One of the barriers for 3D printing is the technical acumen required to design a 3D object. Not everyone knows CAD or has the 3D modeling skills to create a digital file fit for printing. But what if all it took was a simple scan? You could take any object in the physical world, put it in a digitizer and then let the technology step in, scanning it into a digital file and replicating it in the real world. 

Is this some bit of future tech? Some Roddenburyesque flight of fictional fancy? No, it’s MakerBot’s new Digitizer. It’s real, and it’s coming soon, this fall.

Our minds are thoroughly blown with this. Bre Pettis, MakerBot’s CEO, unveiled a game-changer today at his keynote at South By Southwest — a 3D scanner that makes copies of physical objects as simple as getting 2D photocopies. The Digitizer prototype has cameras and lasers that scour the subject, and the system translates that into a data file used by its Replicator 3D printers to manufacture a duplicate. The crazy part? It all happens on your desktop. The Digitizer can take any object that’s 8 x 8 inches (or smaller), and in less than three minutes, turn that into a design that can be printed over and over again.


Watching the machine go to work is like looking at a scene in a science fiction flick. The object is secured onto a platform that rotates as the scanner does its thing. “This is kind of like what happened when Flynn (in Tron) gets digitized into the game grid,” says Pettis. “This takes us from being a 3D printer company into being a company that’s building out a 3D ecosystem.”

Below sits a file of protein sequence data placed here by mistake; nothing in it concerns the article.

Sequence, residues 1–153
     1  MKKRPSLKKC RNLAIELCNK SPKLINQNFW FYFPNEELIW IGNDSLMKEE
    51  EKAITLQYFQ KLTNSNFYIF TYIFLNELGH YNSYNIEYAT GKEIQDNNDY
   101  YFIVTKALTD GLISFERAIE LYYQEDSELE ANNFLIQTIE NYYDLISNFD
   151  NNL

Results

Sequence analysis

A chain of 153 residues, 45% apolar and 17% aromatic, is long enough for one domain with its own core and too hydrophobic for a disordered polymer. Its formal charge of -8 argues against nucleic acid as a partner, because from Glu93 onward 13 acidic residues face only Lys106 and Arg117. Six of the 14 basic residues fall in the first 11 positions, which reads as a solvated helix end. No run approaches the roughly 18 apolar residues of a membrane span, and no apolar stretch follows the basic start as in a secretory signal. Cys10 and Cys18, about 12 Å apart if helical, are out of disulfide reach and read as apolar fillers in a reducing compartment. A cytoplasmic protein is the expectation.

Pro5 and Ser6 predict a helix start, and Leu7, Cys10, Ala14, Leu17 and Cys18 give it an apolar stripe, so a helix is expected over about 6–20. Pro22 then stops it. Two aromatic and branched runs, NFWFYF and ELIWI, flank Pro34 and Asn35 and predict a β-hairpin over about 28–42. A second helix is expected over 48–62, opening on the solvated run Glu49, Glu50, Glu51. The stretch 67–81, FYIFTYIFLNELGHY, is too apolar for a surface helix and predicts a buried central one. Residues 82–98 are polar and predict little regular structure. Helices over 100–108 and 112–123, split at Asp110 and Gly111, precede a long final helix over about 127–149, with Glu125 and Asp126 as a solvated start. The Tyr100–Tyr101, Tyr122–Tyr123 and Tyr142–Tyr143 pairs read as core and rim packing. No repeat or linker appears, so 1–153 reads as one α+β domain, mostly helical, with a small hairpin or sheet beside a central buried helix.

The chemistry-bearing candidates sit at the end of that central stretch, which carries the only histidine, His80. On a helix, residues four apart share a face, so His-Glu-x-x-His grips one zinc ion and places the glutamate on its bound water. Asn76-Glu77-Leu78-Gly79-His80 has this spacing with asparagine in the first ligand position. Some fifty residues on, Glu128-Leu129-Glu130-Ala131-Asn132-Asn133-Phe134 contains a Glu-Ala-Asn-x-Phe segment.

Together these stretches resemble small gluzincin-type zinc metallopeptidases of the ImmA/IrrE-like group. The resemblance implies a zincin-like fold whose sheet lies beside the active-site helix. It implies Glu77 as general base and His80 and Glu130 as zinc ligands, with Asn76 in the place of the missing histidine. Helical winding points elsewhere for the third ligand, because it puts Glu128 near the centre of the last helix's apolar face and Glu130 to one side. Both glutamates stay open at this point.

Of course, you’ve got to wonder how makers of toys, kitchen tools, jewelry, desk accessories, or any other manufacturers will feel about a consumer technology that allows people to copy their products. But, for now, that doesn’t undercut the incredible innovation and potential for 3D-printing technology, whether for business or even medical advances. And now that it has been made more user-friendly, the use cases for individual consumers just got more interesting.

Success in technology almost always boils down to two things — user experience and affordability. MakerBot may have just slam-dunked the first one. Now, if only it could bring down that $2,200 Replicator price tag. As for the retail price of its Digitizer Desktop 3D Scanner, we’ll keep our eyes peeled for further announcements.

Now that the technology is here to scan any objects in the real world and 3D print it from the desktop, what would you replicate with this system? Tell us in the comments.